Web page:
Cairn: OS Grid Reference – NT 0404 9877
Go along the A977 road out of Powmill village towards Crook of Devon, and as the road swerves uphill, past the Powmill Milk Bar on the right-hand side of the road, take your next right. Go along this small country lane for a mile or so, past Maidenwells Farm; then as you go uphill, stop at the very top. Look in the field on your left, where a small round clump of trees are surrounded by circular walling. The cairn’s inside the protective walling.
Archaeology & History
This Bronze Age tomb sits quietly amidst the ring of trees and walling which give the site cover and protection and, of course, an excellent view of the landscape for the spirit of whichever ancestor lives here. The place seems to have been described first of all in the Old Statistical Account of the area, in 1796, where they told:
“In the middle of Carleith are the ruins of an old building, perfectly circular, and nearly 24ft in diameter. Not long ago, the proprietor ordered this ground to be planted, and the stones were dug up to make a dyke. Two stone coffins were found each 4 feet long by 3 feet broad, and contained some human bones and teeth.”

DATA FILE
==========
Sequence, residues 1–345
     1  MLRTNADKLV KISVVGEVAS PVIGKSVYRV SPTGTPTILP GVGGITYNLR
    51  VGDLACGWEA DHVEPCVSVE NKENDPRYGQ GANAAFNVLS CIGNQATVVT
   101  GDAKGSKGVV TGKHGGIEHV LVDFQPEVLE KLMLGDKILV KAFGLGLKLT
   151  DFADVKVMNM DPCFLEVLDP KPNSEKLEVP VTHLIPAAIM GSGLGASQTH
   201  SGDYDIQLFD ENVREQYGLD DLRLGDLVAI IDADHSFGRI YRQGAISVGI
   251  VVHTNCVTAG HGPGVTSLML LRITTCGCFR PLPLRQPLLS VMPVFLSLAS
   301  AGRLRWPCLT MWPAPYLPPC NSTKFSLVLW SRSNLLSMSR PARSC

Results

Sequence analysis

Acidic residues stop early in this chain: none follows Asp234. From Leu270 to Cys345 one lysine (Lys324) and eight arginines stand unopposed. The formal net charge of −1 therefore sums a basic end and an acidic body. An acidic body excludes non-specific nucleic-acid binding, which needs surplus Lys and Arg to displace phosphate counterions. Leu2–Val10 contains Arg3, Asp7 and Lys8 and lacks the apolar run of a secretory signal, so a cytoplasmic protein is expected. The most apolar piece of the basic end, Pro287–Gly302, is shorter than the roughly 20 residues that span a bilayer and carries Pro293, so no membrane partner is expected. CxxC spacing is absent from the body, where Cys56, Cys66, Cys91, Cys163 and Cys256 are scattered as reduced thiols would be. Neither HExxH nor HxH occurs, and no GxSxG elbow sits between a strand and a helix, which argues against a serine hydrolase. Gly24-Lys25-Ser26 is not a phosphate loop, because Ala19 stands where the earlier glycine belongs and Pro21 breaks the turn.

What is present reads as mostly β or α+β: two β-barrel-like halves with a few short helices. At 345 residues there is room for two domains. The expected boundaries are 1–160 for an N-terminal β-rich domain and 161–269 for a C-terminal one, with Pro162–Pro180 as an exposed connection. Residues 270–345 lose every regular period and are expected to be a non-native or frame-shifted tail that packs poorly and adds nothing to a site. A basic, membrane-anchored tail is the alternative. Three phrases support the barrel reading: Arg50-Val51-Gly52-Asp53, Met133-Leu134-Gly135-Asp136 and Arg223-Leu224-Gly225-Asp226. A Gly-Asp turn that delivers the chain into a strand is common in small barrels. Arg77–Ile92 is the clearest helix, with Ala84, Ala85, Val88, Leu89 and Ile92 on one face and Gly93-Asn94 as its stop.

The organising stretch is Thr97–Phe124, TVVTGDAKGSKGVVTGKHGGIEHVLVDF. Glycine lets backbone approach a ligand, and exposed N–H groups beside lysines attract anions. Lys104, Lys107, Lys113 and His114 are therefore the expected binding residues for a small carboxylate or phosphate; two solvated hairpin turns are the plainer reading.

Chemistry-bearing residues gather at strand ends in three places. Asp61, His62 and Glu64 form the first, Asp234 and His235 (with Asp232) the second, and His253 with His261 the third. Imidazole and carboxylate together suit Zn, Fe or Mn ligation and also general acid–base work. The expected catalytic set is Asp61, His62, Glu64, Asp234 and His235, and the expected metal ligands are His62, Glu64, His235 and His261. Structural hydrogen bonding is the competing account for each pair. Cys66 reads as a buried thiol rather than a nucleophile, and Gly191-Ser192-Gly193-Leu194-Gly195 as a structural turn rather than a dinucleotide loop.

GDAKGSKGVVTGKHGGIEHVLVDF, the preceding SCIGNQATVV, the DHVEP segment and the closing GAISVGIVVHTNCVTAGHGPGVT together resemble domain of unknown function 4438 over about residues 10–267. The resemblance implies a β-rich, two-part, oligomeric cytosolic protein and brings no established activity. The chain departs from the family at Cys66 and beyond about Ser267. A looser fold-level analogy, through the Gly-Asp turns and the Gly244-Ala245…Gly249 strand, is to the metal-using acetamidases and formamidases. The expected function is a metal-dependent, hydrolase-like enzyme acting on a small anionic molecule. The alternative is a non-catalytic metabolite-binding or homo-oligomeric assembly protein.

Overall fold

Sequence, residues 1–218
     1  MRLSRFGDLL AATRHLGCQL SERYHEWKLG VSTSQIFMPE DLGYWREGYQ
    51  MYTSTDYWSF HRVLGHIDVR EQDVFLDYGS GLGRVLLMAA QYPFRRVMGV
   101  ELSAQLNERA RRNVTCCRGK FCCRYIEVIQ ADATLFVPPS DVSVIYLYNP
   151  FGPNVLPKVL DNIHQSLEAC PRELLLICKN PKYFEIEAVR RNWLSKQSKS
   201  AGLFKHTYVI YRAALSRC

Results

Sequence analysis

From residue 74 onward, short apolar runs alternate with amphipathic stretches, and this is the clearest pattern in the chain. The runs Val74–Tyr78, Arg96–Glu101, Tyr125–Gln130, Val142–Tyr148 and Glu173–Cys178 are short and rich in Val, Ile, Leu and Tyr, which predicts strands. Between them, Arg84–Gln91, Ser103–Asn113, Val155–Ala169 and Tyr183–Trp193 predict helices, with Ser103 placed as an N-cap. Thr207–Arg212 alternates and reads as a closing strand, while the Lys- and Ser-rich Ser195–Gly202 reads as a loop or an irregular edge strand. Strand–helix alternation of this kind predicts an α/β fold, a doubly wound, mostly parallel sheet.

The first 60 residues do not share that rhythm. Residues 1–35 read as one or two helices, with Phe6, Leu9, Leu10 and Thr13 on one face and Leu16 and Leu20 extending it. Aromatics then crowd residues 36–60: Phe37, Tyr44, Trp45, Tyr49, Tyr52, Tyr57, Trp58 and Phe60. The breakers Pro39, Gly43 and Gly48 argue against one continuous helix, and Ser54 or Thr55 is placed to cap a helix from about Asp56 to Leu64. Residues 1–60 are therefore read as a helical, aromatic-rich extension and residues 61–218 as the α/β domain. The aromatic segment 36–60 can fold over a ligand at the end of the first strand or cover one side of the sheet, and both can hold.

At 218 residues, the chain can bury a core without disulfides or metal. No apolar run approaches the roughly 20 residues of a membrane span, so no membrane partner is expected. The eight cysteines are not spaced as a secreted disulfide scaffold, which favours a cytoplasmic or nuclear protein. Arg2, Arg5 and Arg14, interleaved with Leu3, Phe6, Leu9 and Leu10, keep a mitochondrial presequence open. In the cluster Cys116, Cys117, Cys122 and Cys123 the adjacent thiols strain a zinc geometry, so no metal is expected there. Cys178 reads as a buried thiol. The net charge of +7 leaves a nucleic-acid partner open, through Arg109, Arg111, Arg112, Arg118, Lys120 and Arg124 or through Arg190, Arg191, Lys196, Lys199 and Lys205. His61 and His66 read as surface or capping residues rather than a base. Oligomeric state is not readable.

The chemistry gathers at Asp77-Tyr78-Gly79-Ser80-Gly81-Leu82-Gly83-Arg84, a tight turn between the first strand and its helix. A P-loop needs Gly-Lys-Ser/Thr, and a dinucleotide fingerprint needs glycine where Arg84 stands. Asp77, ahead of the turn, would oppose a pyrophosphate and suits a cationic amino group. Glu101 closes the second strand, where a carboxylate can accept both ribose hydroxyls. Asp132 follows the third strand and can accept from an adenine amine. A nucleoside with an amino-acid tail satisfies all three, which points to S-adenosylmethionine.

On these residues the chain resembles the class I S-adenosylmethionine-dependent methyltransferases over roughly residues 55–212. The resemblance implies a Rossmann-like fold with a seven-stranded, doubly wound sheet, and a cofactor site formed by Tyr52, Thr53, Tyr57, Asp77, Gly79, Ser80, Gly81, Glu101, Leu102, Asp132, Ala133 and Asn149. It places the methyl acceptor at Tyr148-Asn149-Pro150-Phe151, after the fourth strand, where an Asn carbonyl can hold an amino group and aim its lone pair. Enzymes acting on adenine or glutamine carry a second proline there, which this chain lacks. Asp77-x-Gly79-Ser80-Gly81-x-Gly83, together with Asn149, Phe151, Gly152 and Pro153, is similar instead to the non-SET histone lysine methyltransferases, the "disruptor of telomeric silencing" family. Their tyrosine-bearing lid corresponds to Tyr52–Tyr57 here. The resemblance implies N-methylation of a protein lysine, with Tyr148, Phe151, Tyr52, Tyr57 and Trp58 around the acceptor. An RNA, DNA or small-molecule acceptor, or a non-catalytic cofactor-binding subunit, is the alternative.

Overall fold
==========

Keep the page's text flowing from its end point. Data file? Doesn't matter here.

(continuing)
Today, the overgrown remains of the cairn measure roughly 10 yards across, with the beeches reaching their great roots into and around the old tomb. The sides of the stone cist are still visible amidst the undergrowth. It was measured and described in a letter to the Ordnance Survey by J.S. Nichol in 1959, who thought there may have been more than one tomb here.
Although we don’t know for certain, one of the legendary witches known as ‘Meg of Aldie’ was said to frequent an old site close to where she lived – perhaps the Carleith cairn. The site is a damn good contender for such heathen rites!
- Simpkins, Ewart, County Folklore – volume VII: Fife, Folklore Society: London 1914.
© Paul Bennett, The Northern Antiquarian